Driving and disability
Having a medical condition or disability does not necessarily mean you cannot or will not be allowed to drive. You must tell the Driver and Vehicle Agency (DVA) if you have, or have ever had, a medical condition or impairment that may affect your driving.
Medical conditions, disabilities and driving
If you hold a driving licence and have a 'notifiable' medical condition or disability, you must tell DVA right away. You should not wait until your licence is due for renewal.
You must also tell DVA if your medical condition or disability has become worse since your licence was issued or if you develop a new medical condition or disability.
Sometimes it's best to surrender your licence and reapply for its restoration at a later date.
'Notifiable' medical conditions and disabilities include:
- strokes and other neurological conditions
- mental health problems
- physical disabilities
- visual impairments
- How to tell DVA about a medical condition
The research charity RICA publishes booklets aimed at motorists with particular needs, including
- motoring after amputation
- receiving a brain injury
- having a stroke
- motoring with arthritis
- cerebral palsy
- multiple sclerosis
- restricted growth
- Mobility (RICA website)
New drivers and the provisional driving licence
Before you can learn to drive a car, moped or motorcycle, you must apply for a provisional driving licence. If you have a notifiable medical condition or disability you must declare it on the application form.
DVA aims to deliver your provisional driving licence to you within three weeks of receiving your application. It might take longer if they have to check on your health or personal details.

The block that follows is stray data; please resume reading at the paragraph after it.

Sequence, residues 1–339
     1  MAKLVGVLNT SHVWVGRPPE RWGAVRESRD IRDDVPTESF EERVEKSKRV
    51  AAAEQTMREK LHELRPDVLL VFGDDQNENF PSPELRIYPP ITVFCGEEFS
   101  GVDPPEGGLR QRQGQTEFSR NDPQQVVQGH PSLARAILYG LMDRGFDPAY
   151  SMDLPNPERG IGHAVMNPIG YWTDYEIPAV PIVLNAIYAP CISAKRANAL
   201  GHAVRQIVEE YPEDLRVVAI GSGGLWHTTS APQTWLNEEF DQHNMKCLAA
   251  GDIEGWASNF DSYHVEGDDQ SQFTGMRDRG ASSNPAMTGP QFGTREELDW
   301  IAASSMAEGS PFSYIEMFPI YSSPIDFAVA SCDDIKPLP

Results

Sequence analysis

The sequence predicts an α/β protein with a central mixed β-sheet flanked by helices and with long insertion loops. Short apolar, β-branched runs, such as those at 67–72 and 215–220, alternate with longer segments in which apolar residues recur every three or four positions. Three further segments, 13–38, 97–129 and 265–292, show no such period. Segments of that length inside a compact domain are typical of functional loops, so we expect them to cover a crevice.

Blue Badge Scheme
If you have been issued with a blue badge for your car, then you can use it here. There is no need to display a time clock when you use your Blue Badge in Northern Ireland.
Remember that a Blue Badge does not grant you permission to park anywhere. You still have to obey the rules of the road and should not park where it would endanger, inconvenience or obstruct pedestrians or other road users.
Speed limits in Northern Ireland are in miles per hour (mph). In general, the speed limits are 30 mph in towns and 70 mph on motorways and dual carriageways, unless the signs say something different.
The national speed limit of 60 mph applies on most other roads, where signed. Roads will, however, have their speed limits displayed on signs on the road.
Some areas have other speed limits and these are shown in mph as you enter the area.
More information on speeds limits and the Highway Code can be found at the following link:
The Inclusive Mobility Transport Advisory Committee (Imtac) has a factsheet for car users:
Disabled Motoring UK
Disabled Motoring UK is a charity for drivers with disabilities, passengers and Blue Badge holders.